On May 17, a public meeting was held by concerned citizens about the state and future of the Fort la Reine Museum. A meeting to which the board of directors for the museum as well as councillors from the Rural Municipality and the City were invited to attend, in order to hear directly from 70 or so concerned citizens gathered on a cool rainy night, for two hours of consultation about the future of the museum. Out of the dozen or so invitations to the officialdom of the community, the total number that came out to attend the meeting was a grand total of one city councillor, appearing on his own recognizance and not representing the city. Only one other invitee had the courtesy to reply to the invitation. The snub could not have been made more clear, and with an election year at hand, the rebuke its represents stings even harder.
It’s a shame that no invitees showed up because chairs were reserved right up front, all freshly dusted and polished, to help anybody who showed up sit through getting an earful about the debacle called the 2018 season at the museum. A season that will start three weeks late, operating under interim leadership with a staff of limited or no experience, having a demoralized volunteer core, having reduced hours of service, and seeing its season truncated by two months, obviously curtailing programs, activities and services to tourists and the community. A debacle of the museum’s board own making, with the forced departure of executive/curator Tracey Turner just ten days before the scheduled opening day.
What does it say about governance that refuses to meet with a concerned group of citizens 70 or so in number, gathered on a cool rainy night to discuss a subject close to their heart? What does it say about governance that never invites the public to annual meetings, if in fact they even hold such meetings? What does it say about a governance that fiddles with the museum’s constitution, without public consultation, that may place the charity status of the museum in jeopardy? What does it say about governance who claim long and careful considerations in the forced departure of senior staff, but carry it out at the 11th hour of season’s opening? And by the way, was there even a vote by the board on the departure, or did it just do the bidding of a higher authority thereby violating any pretence of operating at arm’s length? What does it say about a governance, whose majority membership is based, not so much on an outstanding desire to serve the interests of the museum, but rather as a jurisdictional requirement from higher levels of civic government?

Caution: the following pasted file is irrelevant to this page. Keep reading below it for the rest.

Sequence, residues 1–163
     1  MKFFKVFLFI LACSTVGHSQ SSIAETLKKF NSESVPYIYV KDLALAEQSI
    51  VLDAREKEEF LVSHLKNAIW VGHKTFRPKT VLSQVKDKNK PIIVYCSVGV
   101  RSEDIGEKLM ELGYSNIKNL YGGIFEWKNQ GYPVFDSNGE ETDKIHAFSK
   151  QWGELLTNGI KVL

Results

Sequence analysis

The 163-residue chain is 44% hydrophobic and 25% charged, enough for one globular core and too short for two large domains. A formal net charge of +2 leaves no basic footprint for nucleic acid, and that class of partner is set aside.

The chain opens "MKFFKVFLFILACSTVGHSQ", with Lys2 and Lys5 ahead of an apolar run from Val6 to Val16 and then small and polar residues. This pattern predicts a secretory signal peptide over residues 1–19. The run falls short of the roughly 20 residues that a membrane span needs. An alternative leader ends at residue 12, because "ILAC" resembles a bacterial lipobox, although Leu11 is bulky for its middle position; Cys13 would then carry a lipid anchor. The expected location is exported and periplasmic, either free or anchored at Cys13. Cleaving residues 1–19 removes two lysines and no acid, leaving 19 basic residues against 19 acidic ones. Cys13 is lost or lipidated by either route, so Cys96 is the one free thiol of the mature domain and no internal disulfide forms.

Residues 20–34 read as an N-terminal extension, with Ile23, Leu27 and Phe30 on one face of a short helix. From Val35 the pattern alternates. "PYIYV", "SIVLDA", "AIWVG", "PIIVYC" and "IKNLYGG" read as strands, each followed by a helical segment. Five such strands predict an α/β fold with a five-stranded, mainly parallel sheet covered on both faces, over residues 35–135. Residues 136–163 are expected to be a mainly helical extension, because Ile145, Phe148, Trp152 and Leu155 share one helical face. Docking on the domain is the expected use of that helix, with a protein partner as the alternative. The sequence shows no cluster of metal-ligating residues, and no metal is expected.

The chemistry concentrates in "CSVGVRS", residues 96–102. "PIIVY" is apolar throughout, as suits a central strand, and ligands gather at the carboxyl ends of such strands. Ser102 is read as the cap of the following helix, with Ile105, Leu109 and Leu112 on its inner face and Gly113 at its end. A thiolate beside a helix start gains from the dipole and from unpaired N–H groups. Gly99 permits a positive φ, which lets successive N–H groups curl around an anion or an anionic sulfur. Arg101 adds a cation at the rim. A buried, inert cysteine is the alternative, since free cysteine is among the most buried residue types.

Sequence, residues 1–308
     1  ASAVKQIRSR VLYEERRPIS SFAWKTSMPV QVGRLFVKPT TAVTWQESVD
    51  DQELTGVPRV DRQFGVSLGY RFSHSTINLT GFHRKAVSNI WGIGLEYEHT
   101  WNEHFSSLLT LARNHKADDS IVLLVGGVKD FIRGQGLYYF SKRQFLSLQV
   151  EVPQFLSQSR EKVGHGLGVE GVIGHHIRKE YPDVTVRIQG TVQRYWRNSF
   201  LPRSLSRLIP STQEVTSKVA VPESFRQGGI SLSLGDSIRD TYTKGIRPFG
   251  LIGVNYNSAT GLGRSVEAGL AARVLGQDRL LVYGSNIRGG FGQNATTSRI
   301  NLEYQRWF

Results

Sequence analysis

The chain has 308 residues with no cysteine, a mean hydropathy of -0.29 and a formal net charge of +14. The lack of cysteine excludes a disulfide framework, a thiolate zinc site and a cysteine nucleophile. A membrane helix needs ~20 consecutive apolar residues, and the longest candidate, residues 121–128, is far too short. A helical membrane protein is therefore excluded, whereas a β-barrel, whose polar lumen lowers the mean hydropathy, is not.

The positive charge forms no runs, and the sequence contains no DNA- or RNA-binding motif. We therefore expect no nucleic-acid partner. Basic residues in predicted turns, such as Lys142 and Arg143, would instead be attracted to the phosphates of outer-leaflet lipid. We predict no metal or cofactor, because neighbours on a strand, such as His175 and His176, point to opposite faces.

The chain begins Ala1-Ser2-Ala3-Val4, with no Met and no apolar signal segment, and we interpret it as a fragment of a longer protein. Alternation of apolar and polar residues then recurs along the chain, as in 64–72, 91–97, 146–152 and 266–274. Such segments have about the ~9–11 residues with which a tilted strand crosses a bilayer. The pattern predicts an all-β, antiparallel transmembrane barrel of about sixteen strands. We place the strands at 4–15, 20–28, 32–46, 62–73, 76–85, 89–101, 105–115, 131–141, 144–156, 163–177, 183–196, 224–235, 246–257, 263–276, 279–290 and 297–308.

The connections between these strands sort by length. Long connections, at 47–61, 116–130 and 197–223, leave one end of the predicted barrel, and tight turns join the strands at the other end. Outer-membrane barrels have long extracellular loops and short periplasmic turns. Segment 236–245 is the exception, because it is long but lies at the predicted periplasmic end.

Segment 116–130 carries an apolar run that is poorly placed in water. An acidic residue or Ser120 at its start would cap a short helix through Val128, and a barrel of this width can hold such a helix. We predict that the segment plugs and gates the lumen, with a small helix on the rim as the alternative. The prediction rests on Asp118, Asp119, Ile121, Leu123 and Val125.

Maybe it’s time to rethink the structure of the board of directors for Fort la Reine Museum and repopulate it exclusively with individuals who operate completely at arms length from its funding sources, whose first allegiance is to the museum, and who have the museum’s interests as close to heart as those concerned citizens who met on that rain-soaked cold night. Maybe then the musing of “I just wish the place would burn down” will disappear from the lexicon about the museum’s future, and maybe then and only then, the chair polish won’t be wasted on empty chairs, when invitations are made to be accountable, and to hear concerns, opinions, suggestions, and questions about the museum and its future.
If you care about the Fort la Reine Museum and what it has come to mean in our community, then maybe it’s time to put it entirely into the hands of those who have the same level of care, feelings and interests as you do. This can be done folks, just look to Steinbach, or Gimli, or St. Boniface for examples. Call me and let’s talk 204 428 6800